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Aurora Institute Symposium: Hybrid Learning Needs Policy Support

At a webinar on Tuesday featured in the Aurora Institute Symposium, the Colorado Board of Education's Office of Blended Learning explained a two-year plan to gather research on hybrid learning to inform state policy.

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In a virtual symposium on Tuesday, Renee Martinez, a consultant with the Colorado Department of Education's Office of Online and Blended Learning, describes policy changes that resulted from research and recommendations of the state's blended learning program.
Screencap by Giovanni Albanese
With virtual learning becoming a normal element of the K-12 education space, several K-12 school officials from different states stressed in a webinar yesterday at the Aurora Institute Symposium that policy updates are needed to accommodate this new normal.

The webinar session, “Exploring Flexible Learning and Future Policy Reform through Colorado’s Blended Learning Initiative,” was led by Mallorie Klemm and Renee Martinez of the Colorado Department of Education's Office of Online and Blended Learning, as part of the three-day symposium. Klemm and Martinez discussed their state’s Blended Learning Initiative (BLI), a two-year plan spanning the 2021-2022 and 2022-2023 academic years to gather research from academic leaders and stakeholders about online and hybrid learning models, which will ultimately result in the department suggesting changes to the state’s Board of Education to take to legislators to qualify different modes of learning for student funding.

Klemm said Colorado had a blanket waiver for student funding for all districts, but once the COVID-19 pandemic hit U.S. shores, the new “normal” for education was more than just brick-and-mortar facilities. The BLI was created by the school financing unit and auditing office with the hopes of policy adjustments to Colorado's Public School Finance Act, signed in 1994, to include online models or hybrid models when seeking school funding.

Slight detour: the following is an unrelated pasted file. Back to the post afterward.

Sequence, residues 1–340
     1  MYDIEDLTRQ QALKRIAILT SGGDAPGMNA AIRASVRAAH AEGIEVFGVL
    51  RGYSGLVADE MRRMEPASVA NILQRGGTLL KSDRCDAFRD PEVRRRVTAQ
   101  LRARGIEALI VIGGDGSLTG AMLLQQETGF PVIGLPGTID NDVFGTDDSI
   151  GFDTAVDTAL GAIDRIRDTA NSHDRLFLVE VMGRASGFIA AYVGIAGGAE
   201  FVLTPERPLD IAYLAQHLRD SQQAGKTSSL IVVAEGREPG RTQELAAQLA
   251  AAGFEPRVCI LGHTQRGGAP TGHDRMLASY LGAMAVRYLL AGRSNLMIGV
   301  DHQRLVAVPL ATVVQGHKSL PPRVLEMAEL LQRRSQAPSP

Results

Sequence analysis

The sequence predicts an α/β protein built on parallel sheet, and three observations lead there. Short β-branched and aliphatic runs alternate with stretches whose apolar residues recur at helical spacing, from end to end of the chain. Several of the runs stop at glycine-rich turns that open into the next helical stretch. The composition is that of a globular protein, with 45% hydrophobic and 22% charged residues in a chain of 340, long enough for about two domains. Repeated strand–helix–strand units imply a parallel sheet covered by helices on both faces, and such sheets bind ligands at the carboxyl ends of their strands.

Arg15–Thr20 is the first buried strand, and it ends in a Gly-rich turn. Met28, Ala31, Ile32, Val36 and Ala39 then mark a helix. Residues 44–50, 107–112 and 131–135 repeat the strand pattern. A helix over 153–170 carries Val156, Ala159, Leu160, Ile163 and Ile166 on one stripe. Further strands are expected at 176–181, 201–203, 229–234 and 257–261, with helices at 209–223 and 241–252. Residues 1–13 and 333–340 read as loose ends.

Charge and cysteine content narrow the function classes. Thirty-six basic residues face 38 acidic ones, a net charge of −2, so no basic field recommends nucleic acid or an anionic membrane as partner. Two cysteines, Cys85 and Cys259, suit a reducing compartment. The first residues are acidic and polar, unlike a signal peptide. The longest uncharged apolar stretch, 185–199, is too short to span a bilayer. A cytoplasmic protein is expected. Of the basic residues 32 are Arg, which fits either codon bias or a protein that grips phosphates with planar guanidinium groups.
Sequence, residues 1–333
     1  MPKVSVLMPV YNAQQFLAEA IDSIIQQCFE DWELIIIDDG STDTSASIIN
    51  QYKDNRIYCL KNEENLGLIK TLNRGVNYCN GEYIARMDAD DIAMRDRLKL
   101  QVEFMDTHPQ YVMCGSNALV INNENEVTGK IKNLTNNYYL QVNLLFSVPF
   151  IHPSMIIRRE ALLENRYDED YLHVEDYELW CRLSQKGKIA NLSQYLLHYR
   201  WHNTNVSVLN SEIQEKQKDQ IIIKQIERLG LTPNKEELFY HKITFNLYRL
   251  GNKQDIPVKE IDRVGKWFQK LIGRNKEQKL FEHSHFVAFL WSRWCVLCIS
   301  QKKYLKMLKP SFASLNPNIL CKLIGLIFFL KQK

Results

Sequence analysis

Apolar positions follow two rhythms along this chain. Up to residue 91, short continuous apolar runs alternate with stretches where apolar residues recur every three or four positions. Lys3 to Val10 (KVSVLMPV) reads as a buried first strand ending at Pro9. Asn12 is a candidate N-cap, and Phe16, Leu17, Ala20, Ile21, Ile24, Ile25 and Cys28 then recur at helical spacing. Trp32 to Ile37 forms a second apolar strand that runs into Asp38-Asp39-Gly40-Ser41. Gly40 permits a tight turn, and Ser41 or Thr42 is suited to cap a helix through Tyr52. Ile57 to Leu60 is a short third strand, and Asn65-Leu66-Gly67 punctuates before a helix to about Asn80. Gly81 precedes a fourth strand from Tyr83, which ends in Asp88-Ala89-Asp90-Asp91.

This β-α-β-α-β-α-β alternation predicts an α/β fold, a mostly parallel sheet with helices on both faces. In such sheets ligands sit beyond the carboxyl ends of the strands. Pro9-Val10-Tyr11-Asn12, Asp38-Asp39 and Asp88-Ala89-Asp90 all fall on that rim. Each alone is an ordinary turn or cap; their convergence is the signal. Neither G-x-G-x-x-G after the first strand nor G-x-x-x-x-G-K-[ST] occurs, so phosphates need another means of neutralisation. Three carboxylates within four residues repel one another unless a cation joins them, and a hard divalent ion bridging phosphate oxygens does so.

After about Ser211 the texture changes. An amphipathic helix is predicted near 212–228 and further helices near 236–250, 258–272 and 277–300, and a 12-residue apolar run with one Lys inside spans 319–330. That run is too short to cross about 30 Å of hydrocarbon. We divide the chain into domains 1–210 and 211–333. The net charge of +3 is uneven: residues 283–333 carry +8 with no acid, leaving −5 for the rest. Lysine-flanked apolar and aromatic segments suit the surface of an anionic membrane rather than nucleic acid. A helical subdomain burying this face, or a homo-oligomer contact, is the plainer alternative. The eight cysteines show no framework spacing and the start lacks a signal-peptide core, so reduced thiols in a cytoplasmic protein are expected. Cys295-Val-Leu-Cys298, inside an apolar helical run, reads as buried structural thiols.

“Two years was emphasized to gather data and facilitate research to function in (hybrid and online) models with enough (information) to prepare to provide recommendations to the Legislature,” Klemm said in the webinar.

While Colorado has dealt with the need to make policy changes in the wake of the pandemic, so have other states, like Utah. Katie Dewey Hill, an instruction coordinator with the Utah State Board of Education, said during a breakout session that her state needs to leverage technology for policy change.

“We have the functionality in place, but we have to build around that,” she said.

Also from the Utah State Board of Education, teacher retention specialist Kami Dupree said that from a legislative standpoint, “There’s a willingness to entertain the idea (of online and hybrid learning statewide but) … they don’t have the idea as to how to do it.”

Dupree added that there is greater awareness about digital learning tools now than before the pandemic, but she was not sure legislators are listening to school leaders in the right way to make the necessary adjustments.

“We need solutions to be solutions, and not just Band-Aids,” Hill said.

In a separate breakout session, the Alternative Learning Accountability Manager Liz Quayle of the Washington state superintendent's office said the pandemic had long-lasting implications for students, notably the kids being able to do more asynchronous learning. It’s something that Quayle said should be a norm.

“We need everyone to think more broadly about competency learning, and flexibility,” Quayle said in the second breakout session, which included two other Utah Board of Education staffers, Milo Maughan and Michael Hakkarinen.

Hakkarinen said that educators need to have a flexible attendance policy, develop online learning options and give teachers the ability to “punt” their curriculum to a digital setting if schools shut down again for any reason.

“If you built everything online, you can do that in person but if you had to go online you can do that too,” Hakkarinen said. “(School) mirrors life. It’s all accessible online or on mobile devices.”
Giovanni Albanese Jr. is a staff writer for the Center for Digital Education. He has covered business, politics, breaking news and professional soccer over his more than 15-year reporting career. He has a bachelor’s degree in journalism from Salem State University in Massachusetts.